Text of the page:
When we get to the cliffs, we spread out our rugs on the lovely spongy grass at the top. Below us there’s a ledge with shale. The children and grandchildren will start with the muesli and I’ll go down with a couple of the others on to the shale and we’ll make little circles of stones.
We used to send the children off to find driftwood. But now we bring our own kindling, and cheat by bringing a firelighter. So we make several little fires and we start to fry rashers, sausages and eggs. You’d be surprised how quickly you can make a super breakfast and how extra delicious it tastes in the open air. It is just memorable.
I brought Alice Waters and Madhur Jaffrey there, and every time I meet them they say, “Oh my God, I remember that breakfast picnic”. We only manage to do it maybe three times in the summer, because it has to be warm, with no wind. But that’s just the most gorgeous picnic ever.
MYRTLE’S CHEST OF SANDWICHES
Myrtle used to do this for the children and she taught us how to do it in Ballymaloe.
- 1 loaf of good, unsliced bread
- Softened butter
- Flattish fillings of your choice: sliced ham, beef or chicken, cucumbers, egg mayonnaise
Carefully cut the top off the loaf but not all the way across: leave a hinge at one of the long sides. Using a good knife, carefully cut out the crumb from the centre of the block. Slice this, butter it and make your choice of sandwiches.
Don’t make your fillings too plentiful or the next stage will be tricky. Cut the sandwiches into thickish fingers and repack them into the shell again. Put down the lid and cover the chest. When you unpack it, surround it with lettuce leaves, tiny scallions, tomatoes and radishes that people can add to the sandwiches as they like.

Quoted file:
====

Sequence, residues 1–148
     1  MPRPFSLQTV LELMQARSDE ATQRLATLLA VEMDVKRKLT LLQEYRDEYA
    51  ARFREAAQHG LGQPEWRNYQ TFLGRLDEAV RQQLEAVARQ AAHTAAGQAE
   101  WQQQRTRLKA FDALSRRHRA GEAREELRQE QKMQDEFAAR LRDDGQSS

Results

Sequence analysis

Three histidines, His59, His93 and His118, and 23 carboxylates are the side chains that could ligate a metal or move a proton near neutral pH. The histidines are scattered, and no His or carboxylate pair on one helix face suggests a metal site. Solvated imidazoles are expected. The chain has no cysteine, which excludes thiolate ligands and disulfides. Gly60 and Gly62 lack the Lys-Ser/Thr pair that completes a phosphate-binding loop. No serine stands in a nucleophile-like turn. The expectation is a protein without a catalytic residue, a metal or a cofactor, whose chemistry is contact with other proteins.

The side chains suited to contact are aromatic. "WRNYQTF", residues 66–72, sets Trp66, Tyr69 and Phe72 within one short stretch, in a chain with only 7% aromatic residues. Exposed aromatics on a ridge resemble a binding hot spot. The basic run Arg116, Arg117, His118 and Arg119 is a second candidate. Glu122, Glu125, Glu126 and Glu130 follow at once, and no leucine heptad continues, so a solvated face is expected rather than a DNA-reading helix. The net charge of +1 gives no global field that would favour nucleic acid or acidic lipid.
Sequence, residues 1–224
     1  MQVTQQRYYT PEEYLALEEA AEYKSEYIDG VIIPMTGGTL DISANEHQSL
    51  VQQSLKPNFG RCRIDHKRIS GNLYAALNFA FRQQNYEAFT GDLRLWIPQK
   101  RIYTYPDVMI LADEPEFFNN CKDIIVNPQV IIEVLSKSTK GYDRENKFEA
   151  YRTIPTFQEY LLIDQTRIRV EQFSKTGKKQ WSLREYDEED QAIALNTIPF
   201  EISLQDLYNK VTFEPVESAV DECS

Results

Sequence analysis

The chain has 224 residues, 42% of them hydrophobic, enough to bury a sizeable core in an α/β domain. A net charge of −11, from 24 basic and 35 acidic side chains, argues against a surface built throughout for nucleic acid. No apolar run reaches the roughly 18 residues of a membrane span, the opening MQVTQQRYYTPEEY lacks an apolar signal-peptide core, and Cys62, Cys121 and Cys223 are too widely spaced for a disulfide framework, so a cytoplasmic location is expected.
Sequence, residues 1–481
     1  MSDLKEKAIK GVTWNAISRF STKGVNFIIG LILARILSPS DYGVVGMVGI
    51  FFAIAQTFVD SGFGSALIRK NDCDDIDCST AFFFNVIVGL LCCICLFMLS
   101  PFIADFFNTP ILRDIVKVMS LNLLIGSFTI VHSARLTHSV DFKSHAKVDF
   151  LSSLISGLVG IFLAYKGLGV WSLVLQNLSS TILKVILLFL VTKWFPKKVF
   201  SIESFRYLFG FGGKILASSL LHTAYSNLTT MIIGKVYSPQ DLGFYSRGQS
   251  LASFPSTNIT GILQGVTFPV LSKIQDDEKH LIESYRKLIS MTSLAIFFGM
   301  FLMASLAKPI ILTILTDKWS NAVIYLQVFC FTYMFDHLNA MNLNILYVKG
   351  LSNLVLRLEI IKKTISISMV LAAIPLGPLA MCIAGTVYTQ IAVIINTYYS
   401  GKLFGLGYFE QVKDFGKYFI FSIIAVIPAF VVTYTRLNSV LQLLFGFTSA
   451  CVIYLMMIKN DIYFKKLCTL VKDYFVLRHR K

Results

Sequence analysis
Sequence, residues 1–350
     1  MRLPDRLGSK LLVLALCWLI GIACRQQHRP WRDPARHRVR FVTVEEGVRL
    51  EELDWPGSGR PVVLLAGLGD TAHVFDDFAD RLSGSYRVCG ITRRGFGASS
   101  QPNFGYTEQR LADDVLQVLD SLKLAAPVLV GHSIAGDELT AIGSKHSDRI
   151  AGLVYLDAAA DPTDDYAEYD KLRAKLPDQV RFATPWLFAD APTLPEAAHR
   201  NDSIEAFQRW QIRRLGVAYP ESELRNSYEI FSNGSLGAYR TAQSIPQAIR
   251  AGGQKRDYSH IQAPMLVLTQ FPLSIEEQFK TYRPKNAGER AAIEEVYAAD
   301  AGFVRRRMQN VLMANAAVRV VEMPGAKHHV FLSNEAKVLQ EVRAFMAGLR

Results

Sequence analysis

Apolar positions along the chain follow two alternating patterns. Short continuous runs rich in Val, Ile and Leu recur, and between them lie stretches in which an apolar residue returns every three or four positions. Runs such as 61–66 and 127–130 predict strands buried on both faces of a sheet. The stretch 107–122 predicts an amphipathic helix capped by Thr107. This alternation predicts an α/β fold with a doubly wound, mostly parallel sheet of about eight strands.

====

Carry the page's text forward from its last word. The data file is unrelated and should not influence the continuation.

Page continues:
READER STORY: MY WORST (AND BEST) PICNIC
“We’ll stop at the next picnic spot,” my dad shouted, barely audible over the rain lashing on the windscreen of our Datsun Cherry. It was 1985 and my brother, my parents and I were on our annual trek from Dublin to Kerry. Every year my mum would pack boiled eggs, chicken sandwiches, red cheddar and yellow-pack crisps into plastic bags. What we were really after were the United bars.
Three hours into the journey we began to crane our necks, trying to spot a landmark through the rain that might point the way to the forest picnic spot we had miraculously found the year before.
My brother spotted the forest. Dad screeched the Datsun into reverse and we aquaplaned into the picnic spot. Two wooden tables materialised through the fog. Coaxed out of the car, my brother and I sat resigned in our matching raincoats and munched our speciality, cheese hunks with crisp coatings, while the trucks sped furiously by just feet away. Then, the gods sang, the skies cleared and the sun came out. To celebrate we banged our eggs on the bench to peel them and my mum opened a bottle of cream soda. We nibbled all the chocolate off the sides of our Uniteds before the sun could melt it.
Food finished, my dad stuffed our rubbish into the Quinnsworth bags and hopped merrily off to the bin. Within seconds he had returned, sprinting around the picnic tables followed by several furious and persistent wasps. We ran, panicking and laughing back to the car.
My poor dad spent the remaining three hours of the journey hunched over the wheel of the Datsun, his back aflame with wasp stings. My brother and I sat sated in the back seat, stifling our laughter. Mum shouted from the front, “Next year let’s just get chips.” We never did.
Jan Doran Gorey, Co Wexford